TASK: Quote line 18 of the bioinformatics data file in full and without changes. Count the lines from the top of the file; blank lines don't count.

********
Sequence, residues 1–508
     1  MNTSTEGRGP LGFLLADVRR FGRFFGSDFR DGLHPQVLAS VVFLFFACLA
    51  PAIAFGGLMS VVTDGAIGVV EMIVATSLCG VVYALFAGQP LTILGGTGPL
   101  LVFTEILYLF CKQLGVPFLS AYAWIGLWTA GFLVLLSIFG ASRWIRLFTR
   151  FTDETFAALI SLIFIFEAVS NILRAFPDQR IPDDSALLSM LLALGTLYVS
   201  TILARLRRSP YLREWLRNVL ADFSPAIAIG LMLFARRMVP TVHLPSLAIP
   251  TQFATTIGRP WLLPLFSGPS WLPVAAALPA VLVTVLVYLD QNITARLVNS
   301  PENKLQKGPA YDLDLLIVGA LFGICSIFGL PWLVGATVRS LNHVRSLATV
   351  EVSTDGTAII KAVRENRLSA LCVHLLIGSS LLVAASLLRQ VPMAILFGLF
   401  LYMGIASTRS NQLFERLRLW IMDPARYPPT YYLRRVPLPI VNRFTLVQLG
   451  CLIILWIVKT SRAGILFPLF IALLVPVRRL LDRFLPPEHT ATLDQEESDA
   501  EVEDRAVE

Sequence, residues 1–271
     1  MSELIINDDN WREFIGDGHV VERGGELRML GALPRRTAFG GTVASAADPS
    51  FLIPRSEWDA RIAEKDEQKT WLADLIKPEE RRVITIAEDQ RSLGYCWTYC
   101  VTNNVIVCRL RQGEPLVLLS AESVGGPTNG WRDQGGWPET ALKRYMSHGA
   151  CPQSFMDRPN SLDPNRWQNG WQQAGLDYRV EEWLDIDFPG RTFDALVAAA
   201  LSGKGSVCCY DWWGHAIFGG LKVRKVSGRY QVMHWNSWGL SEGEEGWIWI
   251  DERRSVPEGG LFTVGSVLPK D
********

   201  LSGKGSVCCY DWWGHAIFGG LKVRKVSGRY QVMHWNSWGL SEGEEGWIWI